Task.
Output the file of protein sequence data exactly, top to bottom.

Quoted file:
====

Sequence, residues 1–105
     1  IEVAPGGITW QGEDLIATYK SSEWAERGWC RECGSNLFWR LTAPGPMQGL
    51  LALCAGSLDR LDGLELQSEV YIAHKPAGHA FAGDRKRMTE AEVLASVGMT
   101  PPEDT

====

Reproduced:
Sequence, residues 1–105
     1  IEVAPGGITW QGEDLIATYK SSEWAERGWC RECGSNLFWR LTAPGPMQGL
    51  LALCAGSLDR LDGLELQSEV YIAHKPAGHA FAGDRKRMTE AEVLASVGMT
   101  PPEDT